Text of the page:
Review: Forgotten Memories remembers what it means to be a survival horror game

Forgotten Memories Header

For years, the survival horror genre has suffered from a bit of an identity crisis, with genre mainstays straying into everything from action adventures to point and click romps. With Forgotten Memories: Alternate Realities, developer Psychose Interactive seeks to resurrect the ideals that made survival horror great and prove that the early games in the genre got it right the first time.


In Forgotten Memories, players assume the role of Rose Hawkins who is simply trying to track down a missing little girl. The clues, as they so often do, lead her to an abandoned asylum, which she bravely enters, only to quickly be shot, lose her memory, and offered help by a disembodied voice. The tropes may be out in force, but they are well executed and collected in a way that makes the overall story compelling.


Forgotten Memories Design

This game looks fantastic. It’s not just the graphics that are impressive though, the art direction is what really makes this game shine. Little touches of brilliance populate the entire experience. The color of the environment turns monochromatic as your health depletes. The sound of your footsteps echoes and reverberates depending on the room and the floor. Realistic shadows play across the walls as you move, making you second-guess your safety. Everything about this game is designed to plunge you into a world that is simultaneously familiar and grotesque, and it works like a charm.

This game’s voice acting also deserves a special mention, with some seriously talented genre greats making appearances. Some may consider going into more detail a mild spoiler, so let’s just say that the cast is impressive and the talent goes a long way towards making the game as engrossing as it is.


The controls are akin to most modern games, with the touchscreen taking on the characteristics of a controller’s left and right analog stick. Tapping the left side of the screen will create an anchor point for your movements. Swiping from this point in any direction will cause your avatar to move in a corresponding manner.

The right side of the screen is dedicated to changing your point of view. The developers tried to make up for the medium’s inherent lack of buttons by relegating certain actions to toggles. Running, for instance, is initiated and disengaged by tapping an on-screen icon. Your combat stance is also enacted in a similar way, as using weapons on the fly is not permitted.

The asylum also houses several other survival horror tropes, such as a quickly depleting flashlight battery and a save system that is almost impossible not to compare to Resident Evil’s. In order to save, players must find floppy disks then use them at computer terminals scattered around the environment. There are no checkpoint or quick saves to be found in the realm of Forgotten Memories.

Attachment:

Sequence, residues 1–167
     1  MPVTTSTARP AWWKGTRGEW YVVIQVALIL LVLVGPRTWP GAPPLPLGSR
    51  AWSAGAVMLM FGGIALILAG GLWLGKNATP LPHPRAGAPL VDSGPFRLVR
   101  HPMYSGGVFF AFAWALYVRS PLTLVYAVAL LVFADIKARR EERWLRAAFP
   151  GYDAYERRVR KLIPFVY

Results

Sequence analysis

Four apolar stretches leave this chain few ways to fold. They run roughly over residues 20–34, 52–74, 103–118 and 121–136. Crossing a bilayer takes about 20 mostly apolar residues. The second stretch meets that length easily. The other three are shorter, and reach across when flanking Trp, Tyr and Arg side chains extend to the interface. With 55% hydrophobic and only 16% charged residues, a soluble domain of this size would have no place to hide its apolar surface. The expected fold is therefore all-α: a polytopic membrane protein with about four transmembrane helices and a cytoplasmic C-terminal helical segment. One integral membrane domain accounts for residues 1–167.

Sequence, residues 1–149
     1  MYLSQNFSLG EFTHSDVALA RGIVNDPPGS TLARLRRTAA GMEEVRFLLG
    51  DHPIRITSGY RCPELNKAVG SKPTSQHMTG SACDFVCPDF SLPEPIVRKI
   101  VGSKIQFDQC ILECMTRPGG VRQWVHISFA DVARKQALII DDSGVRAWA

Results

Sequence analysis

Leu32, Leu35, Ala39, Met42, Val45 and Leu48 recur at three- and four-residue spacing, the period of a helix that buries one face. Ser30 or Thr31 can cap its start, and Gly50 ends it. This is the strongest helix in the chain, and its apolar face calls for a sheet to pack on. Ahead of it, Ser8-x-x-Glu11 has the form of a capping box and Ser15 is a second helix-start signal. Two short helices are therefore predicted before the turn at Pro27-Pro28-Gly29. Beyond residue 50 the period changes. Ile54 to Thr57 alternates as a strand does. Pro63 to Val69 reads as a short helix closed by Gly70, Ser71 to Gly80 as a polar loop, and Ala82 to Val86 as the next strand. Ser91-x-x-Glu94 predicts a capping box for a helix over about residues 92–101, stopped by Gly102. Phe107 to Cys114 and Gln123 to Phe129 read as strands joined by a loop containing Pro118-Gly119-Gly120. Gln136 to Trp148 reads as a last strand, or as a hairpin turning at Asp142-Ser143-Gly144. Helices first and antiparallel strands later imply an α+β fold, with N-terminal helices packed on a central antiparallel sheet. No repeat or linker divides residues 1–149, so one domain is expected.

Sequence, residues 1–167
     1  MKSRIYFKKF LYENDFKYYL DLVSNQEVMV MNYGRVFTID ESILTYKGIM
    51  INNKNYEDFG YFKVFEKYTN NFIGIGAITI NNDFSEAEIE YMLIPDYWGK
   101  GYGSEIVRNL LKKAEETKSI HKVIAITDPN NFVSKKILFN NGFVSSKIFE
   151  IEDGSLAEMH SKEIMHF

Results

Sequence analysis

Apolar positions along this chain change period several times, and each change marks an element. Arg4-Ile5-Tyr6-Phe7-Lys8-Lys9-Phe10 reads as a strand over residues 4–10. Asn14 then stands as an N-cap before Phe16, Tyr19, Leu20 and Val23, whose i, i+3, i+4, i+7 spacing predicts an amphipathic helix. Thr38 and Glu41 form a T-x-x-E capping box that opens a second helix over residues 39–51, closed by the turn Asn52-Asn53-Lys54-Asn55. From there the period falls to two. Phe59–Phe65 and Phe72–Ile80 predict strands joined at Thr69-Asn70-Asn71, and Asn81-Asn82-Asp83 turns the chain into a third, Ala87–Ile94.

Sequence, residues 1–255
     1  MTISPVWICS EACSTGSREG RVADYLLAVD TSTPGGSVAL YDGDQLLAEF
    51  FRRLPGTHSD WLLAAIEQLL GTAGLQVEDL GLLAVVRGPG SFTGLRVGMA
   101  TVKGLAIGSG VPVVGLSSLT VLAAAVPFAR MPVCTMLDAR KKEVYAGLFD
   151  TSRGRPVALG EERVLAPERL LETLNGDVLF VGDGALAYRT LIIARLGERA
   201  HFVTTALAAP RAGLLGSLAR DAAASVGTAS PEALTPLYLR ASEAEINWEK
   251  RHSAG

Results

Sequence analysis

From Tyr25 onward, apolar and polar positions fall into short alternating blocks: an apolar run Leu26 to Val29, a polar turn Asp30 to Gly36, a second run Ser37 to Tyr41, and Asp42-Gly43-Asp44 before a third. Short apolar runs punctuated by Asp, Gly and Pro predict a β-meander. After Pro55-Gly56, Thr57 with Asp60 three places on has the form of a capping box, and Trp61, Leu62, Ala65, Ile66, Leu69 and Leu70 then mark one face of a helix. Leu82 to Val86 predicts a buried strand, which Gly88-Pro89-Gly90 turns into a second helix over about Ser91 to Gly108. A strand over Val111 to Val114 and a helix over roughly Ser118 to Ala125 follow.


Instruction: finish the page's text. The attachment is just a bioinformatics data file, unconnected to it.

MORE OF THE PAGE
Forgotten Memories Gameplay

The Good

The look, sound, and feel of this game are spot on. The developer nailed the atmosphere they were going for, and Forgotten Memories is an intensely energizing experience as a result.

The Bad

This game is difficult for a reason. It was deliberately crafted to harken back to a time with higher stakes and harsher penalties. This is par for the course for most old school survival horror games, but some may find this mentality off-putting, especially those with little nostalgia towards the genre.

Personal preference aside, Forgotten Memories’ controls are just unwieldy enough to make the game’s difficulty feel a little unjust at times. When coupled with the save system, this can make you feel more frustrated than scared, and that’s one horror no one wants in their games.


For $4.99, you can start to explore the mannequin infested halls of Forgotten Memories for yourself. The game itself takes around four or five hours to complete, but after that, there is very little replay value. Once you know where the scares will be coming from, the game loses its tense atmosphere and the limitations of the controls come into harsher focus.

That’s not to say that the game is a poor value though. This game’s stellar graphics, sound design, and intense polish make your initial journey well worth the price of admission, though that price will be increasing after the initial launch week.


If you are looking for an atmospheric challenge or are at all interested in survival horror, this game is easy to recommend. Despite its flaws, it does a fantastic job of bringing the things that made the genre great back to life. For newcomers, Forgotten Memories may be a bit harder to get into, but if you’re feeling brave enough, then what could be better than a stroll through your friendly, neighborhood asylum?

Related Apps

Although hampered by restrictions when being ported, Bioshock is still one of the most atmospheric games on iOS. If you’re a fan of survival horror and haven’t checked the game out on any other platforms, you owe it to yourself to give it a try. A more recent horror offering from the App Store would be Lost Within.